On the cover of The Guaranteed Pure Milk Co., Limited Cook Book
a 1920’s style ornate cornucopia of fruits and leaves frames a sitting, smiling cherubesque little girl cradling a full bottle of milk. The recipes in the small 39 page book are divided into 12 sections. The first one, makes up 28 pages of the book, including chapters like: “Soups; Fish, Oysters, etc.”, “Chicken, etc.” “Vegetables; Salads; Salad Dressings and Sauces”, “Dessert, Drinks and Confections” and “Bread, Muffins, etc.” The second section is comprised only of cottage cheese recipes. A smaller section, it contains a scant four pages divided into: “Cottage Cheese Meat Substitutions”, “Cottage Cheese Vegetable Dishes and Sandwiches” and “Cottage Cheese Desserts. All the recipes are very brief. Some have no ingredient lists or measurements and only a few vague sentences of instructions. Reading the recipes, I feel like this cookbook is meant for readers who have made recipes similar to these many times before, and this cookbook is offering small variations on classic recipes. Even though I am a seasoned home cook, I sometimes felt ill equipped to attempt some of the recipes. With the exception of the cover, only three pages of the cookbook are not recipe related. Two of these pages have quotes and images directed at the health and welfare of children. The last of these pages is more of a statement about the health benefits of milk and milk products in relation to cost and being a good housekeeper. The only indication of a place of publication is included in the notice of copyright for United States and Canada, and there is no indication of date of publication. Artwork and pictures in the cookbook lead me to believe the publication was printed in the 1920s or early 1930s. But, where, when and why was this promotional publication created? The curious section on cottage cheese stands out as a clue. Why is there a section on cottage cheese recipes alone? Since this cookbook contained evidence of being a promotional publication, I looked into the title, The Guaranteed Pure Milk Co., Limited Cook Book
. The sponsoring company, The Guaranteed Milk Co. Ltd. was a small milk distribution company that ran out of Montreal. As the history of the company goes, a young man by the name of George Hogg, from a dairy farming family, conceived of the idea of a Montreal dairy delivery business to help his family in hard financial times. He began as a small dairy farmer, and only two years later in 1883, began distributing milk to Montrealers. Hogg began his company with a few bottles, a ladle, some cans and a horse and carriage. In 1901, Hogg and his brother in law, M.W.H. Trenholme, purchased the first milk plant in Quebec, The Guaranteed Milk Company. They worked on raising sales, and built a larger plant in 1910. Eventually, the Guaranteed Milk Co. underwent modernization to equip the plant for pasteurization in accordance with city law and continued producing and distributing milk until 1990, ultimately became a part of Parmalat Canada. After researching the history of the sponsoring company of the cookbook, I wanted to understand the reasons for its publication. Why, for example, were three ads and the cover of the cookbook all directed at children’s health? Prior to the development of pasteurization methods in the nineteenth century, the widespread adoption of its practices in Canada in the 1930s as well as regulation of the dairy industry, it was a known that milk distributors tampered with their milk products to increase the amount they had ...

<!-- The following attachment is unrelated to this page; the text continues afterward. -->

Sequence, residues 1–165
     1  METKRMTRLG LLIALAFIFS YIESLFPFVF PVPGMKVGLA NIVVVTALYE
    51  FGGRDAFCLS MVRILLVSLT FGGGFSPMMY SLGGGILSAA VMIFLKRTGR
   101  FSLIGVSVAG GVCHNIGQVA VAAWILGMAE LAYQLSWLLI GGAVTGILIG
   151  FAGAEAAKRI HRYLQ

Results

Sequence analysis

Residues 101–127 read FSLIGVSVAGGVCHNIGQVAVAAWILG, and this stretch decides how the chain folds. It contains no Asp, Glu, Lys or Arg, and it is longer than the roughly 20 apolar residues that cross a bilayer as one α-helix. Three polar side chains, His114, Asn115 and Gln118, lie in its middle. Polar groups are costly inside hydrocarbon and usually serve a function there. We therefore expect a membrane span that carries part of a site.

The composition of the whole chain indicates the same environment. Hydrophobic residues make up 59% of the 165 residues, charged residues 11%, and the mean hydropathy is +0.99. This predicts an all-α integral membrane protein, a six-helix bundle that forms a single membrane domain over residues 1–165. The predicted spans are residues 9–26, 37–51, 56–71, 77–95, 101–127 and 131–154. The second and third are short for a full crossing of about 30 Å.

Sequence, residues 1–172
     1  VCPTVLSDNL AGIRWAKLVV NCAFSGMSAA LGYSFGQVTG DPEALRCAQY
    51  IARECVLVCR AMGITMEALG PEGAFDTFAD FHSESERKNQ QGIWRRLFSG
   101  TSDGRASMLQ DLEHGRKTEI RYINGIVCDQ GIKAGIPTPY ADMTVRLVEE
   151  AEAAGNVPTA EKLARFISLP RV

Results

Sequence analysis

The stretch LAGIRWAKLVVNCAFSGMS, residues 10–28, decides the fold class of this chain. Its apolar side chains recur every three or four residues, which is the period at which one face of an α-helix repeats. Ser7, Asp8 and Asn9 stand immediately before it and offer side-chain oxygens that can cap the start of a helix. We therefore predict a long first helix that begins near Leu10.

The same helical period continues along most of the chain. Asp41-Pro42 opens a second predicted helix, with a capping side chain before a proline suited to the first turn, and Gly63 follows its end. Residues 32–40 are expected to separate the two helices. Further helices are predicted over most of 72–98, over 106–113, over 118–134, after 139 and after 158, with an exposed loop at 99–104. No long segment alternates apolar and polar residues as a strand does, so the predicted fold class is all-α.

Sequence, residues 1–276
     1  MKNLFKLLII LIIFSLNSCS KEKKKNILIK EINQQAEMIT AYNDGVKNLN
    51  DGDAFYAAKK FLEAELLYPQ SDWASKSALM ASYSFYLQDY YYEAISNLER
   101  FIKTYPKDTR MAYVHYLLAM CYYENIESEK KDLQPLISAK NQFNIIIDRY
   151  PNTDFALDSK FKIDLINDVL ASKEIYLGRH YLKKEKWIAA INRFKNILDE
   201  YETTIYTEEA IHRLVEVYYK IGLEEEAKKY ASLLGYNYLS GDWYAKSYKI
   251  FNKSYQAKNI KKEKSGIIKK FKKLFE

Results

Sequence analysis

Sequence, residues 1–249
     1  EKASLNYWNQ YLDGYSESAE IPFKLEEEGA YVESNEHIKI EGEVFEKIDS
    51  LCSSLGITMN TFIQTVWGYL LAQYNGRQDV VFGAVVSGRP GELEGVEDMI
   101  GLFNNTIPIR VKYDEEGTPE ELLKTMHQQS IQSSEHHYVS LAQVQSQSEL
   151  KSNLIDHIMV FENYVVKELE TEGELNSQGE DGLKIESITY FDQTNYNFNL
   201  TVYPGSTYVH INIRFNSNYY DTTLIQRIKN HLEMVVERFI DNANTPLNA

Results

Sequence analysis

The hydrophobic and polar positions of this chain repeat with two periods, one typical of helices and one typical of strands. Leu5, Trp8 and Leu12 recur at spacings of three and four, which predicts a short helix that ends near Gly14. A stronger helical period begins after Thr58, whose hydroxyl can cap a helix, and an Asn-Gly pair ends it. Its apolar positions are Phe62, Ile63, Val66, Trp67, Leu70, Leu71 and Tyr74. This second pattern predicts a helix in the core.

Marcella Walton is a food & drink translator and a food professional based out of Toronto, ON. An avid collector of cookbooks, she enjoys translating them, including Flavours of Aleppo, long listed for a Taste Canada Food Writing Award 2014. Having travelled at a young age to Millau, in France, and experiencing a terroir approach to food, she adopted a slow food mentality to cooking and makes everything from scratch. She grows, pickles, cans and ferments everything she eats and drinks, always hoping to gain a deeper understanding the connection of food, health and culture. If the city of Toronto allowed her to have a chicken coop, she would.
Marcella Walton est traductrice dans le secteur des aliments et des boissons ainsi que spécialiste de l’alimentation établie à Toronto, en Ontario. Elle est une collectionneuse passionnée de livres de cuisine : elle aime les traduire, notamment présélectionné pour un lauréat de publications culinaires des Saveurs du Canada 2014. C’est depuis un voyage à Millau, en France, alors qu’elle était toute jeune et qu’elle se familiarisait avec l’approche « terroir » de l’alimentation, qu’elle a adopté une mentalité « Slow Food » en cuisine et qu’elle fait désormais toute sa nourriture maison. Elle fait pousser tout ce qu’elle mange et boit, met sa nourriture en conserves et elle la fait fermenter, en espérant toujours mieux comprendre le lien entre l’alimentation, la santé et la culture. Si la ville de Toronto lui permettait d’avoir un poulailler, elle en aurait un.